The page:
[Marxism] Re: Hugo Chavez is an innocent man
john_gulick at hotmail.com
Sun Nov 26 01:29:53 MST 2006
Walter Lippmann wrote:
>There is an entire wing of the political left, a which which describes
>itself as Marxist, which seems >to be in business spreading these
Agreed, hidebound sects are politically irrelevant. So why devote countless
pages to denouncing their falsehoods? Please spare us the noisy affectation
of tut-tutting at length those you have already deemed unimportant.
>Tariq Ali is an important person on the revolutionary political left in the
>United Kingdom. But Hugo >Chavez Frias is the elected president of
>Venezuela. Millions of workers in Venezuela follow Hugo >Chavez. His views
>hold more political weight in the world today than do the views of Tariq
>Ali. >What is the point of arguing about what someone else says Tariq Ali
>might say about what Hugo >Chavez supposedly thinks?
Agreed, in the big picture what really matters is not splitting hairs over
the meaning of Ali's words but rather developing an informed interpretation
of what is actually happening with the Bolivarian project domestically and
internationally. So why then do you bombard us with diplomatic boilerplate
and other such cloying treacle instead of substantive material enabling us
to build up our independent Marxist judgment? Why do you expend more energy
gratuitously declaiming about Richard Gott's writings -- thus subtly using
Gott as a bludgeon against the imagined "detractors" of Chavez -- than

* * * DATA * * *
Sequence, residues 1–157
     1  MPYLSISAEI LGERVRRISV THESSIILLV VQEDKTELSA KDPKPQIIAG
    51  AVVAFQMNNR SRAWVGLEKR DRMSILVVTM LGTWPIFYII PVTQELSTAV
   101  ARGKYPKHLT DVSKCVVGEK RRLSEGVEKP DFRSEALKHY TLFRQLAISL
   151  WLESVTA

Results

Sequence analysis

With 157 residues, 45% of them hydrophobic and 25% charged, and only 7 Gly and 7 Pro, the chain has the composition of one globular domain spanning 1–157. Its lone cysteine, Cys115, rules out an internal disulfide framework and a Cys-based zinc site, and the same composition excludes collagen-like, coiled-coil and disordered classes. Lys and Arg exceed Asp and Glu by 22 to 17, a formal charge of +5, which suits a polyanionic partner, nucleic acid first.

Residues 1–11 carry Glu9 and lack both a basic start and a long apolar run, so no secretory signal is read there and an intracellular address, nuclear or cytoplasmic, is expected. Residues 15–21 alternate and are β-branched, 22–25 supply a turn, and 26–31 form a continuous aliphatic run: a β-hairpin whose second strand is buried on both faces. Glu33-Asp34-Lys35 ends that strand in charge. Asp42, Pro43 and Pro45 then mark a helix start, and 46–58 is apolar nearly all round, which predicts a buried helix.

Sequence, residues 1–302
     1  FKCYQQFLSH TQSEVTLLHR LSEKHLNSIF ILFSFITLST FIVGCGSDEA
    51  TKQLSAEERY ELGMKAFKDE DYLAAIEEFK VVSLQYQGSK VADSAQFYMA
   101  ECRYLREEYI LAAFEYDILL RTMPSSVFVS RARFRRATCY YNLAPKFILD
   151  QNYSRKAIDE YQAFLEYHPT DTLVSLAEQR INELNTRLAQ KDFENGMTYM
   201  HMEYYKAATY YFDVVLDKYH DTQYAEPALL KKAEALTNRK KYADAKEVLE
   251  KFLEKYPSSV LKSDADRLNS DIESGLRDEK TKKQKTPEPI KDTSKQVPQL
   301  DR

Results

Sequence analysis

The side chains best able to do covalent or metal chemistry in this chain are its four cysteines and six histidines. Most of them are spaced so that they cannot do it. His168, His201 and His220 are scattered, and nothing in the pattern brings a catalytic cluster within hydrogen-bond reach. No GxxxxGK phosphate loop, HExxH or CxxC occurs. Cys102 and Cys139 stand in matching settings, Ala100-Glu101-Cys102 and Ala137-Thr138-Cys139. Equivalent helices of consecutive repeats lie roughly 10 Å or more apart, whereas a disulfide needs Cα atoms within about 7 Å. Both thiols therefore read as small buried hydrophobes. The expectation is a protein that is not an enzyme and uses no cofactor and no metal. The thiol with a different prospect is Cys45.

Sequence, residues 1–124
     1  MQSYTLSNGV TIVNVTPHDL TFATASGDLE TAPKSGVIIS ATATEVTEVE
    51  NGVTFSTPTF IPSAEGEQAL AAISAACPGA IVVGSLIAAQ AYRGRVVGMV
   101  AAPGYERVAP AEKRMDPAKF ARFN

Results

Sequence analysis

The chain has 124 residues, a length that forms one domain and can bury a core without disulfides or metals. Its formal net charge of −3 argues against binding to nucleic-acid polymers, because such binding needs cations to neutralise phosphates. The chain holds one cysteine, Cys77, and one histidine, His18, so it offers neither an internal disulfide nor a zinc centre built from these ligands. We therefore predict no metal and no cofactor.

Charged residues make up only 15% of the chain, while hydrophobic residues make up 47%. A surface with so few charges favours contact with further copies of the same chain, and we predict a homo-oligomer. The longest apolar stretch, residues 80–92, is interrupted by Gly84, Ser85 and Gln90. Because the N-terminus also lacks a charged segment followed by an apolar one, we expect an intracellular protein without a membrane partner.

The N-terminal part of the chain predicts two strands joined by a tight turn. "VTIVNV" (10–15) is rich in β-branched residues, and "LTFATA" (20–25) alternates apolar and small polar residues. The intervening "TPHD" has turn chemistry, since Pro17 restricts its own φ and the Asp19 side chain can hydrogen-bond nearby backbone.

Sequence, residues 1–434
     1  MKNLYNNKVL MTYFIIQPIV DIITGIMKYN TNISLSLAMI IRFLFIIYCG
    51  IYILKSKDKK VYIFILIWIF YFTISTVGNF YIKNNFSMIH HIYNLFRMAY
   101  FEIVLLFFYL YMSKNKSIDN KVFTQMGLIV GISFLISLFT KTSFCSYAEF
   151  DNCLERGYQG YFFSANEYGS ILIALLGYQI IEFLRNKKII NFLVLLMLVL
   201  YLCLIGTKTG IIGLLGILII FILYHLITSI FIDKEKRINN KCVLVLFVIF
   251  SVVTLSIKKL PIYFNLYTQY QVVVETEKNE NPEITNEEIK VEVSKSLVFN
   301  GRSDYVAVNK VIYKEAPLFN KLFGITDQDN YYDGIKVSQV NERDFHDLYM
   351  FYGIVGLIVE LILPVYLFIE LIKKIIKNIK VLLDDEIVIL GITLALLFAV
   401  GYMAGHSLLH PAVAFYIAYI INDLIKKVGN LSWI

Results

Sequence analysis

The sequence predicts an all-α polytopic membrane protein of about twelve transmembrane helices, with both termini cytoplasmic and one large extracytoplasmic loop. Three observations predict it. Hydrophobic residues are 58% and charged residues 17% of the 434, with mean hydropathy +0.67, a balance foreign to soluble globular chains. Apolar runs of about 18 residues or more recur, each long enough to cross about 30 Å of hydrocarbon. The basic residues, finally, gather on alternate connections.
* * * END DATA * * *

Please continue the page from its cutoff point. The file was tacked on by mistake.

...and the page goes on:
concretely discussing what Gott actually has to say? Does your Marxism list
audience gain from what are in effect histrionic displays of allegiance?
I suspect that many of those of us who have grown weary of your posts have
little problem with 9/10 of your content, but great fatigue with 11/10 of
your tone. I suppose like anyone else I could ignore your posts, but I think
one reason why your protagonists (myself included) cannot resist locking
horns is because your tone reminds them of why being on the Marxist left is
sometimes such an aesthetically and existentially unpleasant experience, and
resent the mental tax that has to be paid to stay active. For those of us
who are relatively comfortable (by global standards, anyway) and are here by
moral choice or intellectual convinction rather than because our material
condition affords us no option, sometimes one begins to wonder if suffering
tendentious windbaggery is worth the bother. (Which is not to say that you
don't encounter this phenomenon all over the political spectrum).
I feel a little guilty about being so cross with a well-intentioned human
being but I also feel like I had to share my perspective.
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